In her long and eventful life she experienced much joy and happiness, but also much grief and sorrow. At the tender age of 5, her mother passed away, overshadowing her life with a dark cloud. In her teen years she came under the influence of the gospel message, accepting Jesus Christ as her personal Savior and Lord. Upon her confession of faith she was baptized and joined the Konigstrasse Baptist Church in Berlin, Germany.
In 1882 she was married to Hermann Gustave Meyer, and in 1886 this young couple migrated to the United States, settling on a farm in South Dakota and later in La Salle, Colorado where her husband passed away in 1933. Three years after her first husband's death Franziska remarried. She was united to her second husband, the late C. A. Borchers from Bessie Oklahoma, in 1936.
Early in life she had made her choice to be a faithful, loyal and true follower of Christ, devoting much of her time and talents in sacrificial service to HIM who had done so much for her. She shed forth her Christian influence liberally as a good Sunday School teacher, young woman’s adviser and faithful president of the Ladies’ Aid for 25 years.
She was a devoted wife and a good mother, a fine Christian character and example. God blessed her with thirteen children, of whom six died at the ages of six and under. Two sons preceded Franziska in death a few years ago: Reinhold in 1942 and Rudolph in 1948. Five of her children survive her, along with 42 grandchildren, 47 great-grandchildren and one great-great-grand child, as well as many Christian friends and neighbors.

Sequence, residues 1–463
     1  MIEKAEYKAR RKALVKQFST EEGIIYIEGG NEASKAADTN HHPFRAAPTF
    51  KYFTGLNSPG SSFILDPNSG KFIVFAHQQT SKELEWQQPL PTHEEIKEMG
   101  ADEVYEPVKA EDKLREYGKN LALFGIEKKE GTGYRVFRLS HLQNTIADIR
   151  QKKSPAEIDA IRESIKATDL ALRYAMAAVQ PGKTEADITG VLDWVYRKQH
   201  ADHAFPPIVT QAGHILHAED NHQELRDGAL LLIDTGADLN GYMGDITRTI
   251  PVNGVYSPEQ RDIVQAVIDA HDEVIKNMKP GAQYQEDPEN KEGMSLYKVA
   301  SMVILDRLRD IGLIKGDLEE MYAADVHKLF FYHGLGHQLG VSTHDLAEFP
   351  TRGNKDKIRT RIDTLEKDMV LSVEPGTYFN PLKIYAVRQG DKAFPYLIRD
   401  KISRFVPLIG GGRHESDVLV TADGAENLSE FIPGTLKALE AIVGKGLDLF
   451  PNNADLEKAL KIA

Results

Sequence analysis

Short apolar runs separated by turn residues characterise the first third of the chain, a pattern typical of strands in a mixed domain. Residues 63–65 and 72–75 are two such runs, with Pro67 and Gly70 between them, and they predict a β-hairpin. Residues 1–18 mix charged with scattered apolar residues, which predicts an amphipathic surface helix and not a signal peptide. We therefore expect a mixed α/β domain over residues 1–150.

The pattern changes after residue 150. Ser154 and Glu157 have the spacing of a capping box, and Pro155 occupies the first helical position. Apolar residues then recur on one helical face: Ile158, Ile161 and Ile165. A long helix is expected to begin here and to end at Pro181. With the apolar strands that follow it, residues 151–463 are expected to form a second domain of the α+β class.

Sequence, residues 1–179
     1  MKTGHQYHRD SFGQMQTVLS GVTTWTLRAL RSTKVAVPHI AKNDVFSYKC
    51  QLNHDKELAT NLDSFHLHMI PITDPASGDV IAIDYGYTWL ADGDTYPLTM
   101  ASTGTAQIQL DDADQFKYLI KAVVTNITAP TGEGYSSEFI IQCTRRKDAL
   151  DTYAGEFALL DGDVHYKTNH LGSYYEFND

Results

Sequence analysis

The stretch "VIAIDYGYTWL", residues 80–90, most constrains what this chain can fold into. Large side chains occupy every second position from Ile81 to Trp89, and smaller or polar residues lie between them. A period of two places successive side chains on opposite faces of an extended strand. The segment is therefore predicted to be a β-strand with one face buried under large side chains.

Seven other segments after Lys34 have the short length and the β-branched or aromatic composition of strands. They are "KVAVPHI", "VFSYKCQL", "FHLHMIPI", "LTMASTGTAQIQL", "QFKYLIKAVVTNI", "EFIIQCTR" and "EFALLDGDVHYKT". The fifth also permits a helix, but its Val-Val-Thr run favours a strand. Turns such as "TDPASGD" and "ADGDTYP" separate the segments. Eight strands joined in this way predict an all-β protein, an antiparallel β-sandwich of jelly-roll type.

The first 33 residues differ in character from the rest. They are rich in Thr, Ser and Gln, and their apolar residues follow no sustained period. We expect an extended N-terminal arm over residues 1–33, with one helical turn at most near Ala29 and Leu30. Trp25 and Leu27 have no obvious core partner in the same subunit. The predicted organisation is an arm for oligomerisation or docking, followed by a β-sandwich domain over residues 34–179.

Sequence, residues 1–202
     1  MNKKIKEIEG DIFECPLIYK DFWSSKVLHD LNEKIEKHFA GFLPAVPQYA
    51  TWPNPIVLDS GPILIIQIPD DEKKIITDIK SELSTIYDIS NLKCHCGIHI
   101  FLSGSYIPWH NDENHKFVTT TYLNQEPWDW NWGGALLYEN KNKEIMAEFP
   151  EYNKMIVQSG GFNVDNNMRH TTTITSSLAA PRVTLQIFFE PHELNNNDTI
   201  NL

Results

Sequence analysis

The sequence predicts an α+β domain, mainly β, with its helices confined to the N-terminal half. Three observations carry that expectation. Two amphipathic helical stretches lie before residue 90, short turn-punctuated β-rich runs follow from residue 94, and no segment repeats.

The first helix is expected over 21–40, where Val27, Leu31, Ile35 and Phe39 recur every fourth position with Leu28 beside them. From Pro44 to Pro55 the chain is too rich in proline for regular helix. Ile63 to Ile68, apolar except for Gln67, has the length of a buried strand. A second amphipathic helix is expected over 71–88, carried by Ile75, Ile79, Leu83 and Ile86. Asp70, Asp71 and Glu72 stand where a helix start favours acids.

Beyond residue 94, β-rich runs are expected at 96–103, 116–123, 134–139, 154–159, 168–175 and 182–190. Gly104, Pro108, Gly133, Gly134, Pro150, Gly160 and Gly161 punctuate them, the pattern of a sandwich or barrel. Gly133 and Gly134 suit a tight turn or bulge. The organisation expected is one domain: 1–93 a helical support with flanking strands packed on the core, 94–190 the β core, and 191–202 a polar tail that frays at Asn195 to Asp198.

I never met Franziska. I was born nine months after she died. She left a godly heritage - 13 children, 42 grandchildren, 47 great grandchildren and 1 great-great grandchild. That adds up to 103 descendants at the time of her death. I include even the children that did not live but a few years for they are certainly worshiping the God who created them and ordained their days on the earth as well as the sons and daughters who grew to adulthood glorifying God, and who lived longer on this globe, also by the will of their Creator.
That makes me wonder how many more great, great-great, etc. grandchildren there are now. I am one more, not having been counted at the time of her death. But it comforts me to know that I had a great grandmother that prayed for the generations yet to be born as the Psalmist did (Psalm 78:5-7).
Her prayers for her unborn grandchildren included me and God honored her desires. For that I am eternally grateful to my Lord for He put me upon her heart ere she knew me. And as I write, I find myself lifting my grandchildren, those born and yet to be born to the same God, asking for the same thing that my precious grandmother asked for - that they might know and love the glorious and gracious God of creation and redemption.
How I would have loved to have known this regal daughter of the King, but our getting to know one another will have to happen in a different realm, beyond time and space. There, in that blissful city, we will have an eternity to "catch up".
But the greater wonder will be seeing Jesus, the Host of Heaven, the One who untied Franziska and myself in the family of God by His sacrificial death on the Cross. Yes, we are related by human blood, but we will be reunited by Christ's divine blood. It is because of our Savior that we will meet one day and enjoy one another's company in His very presence, never to part.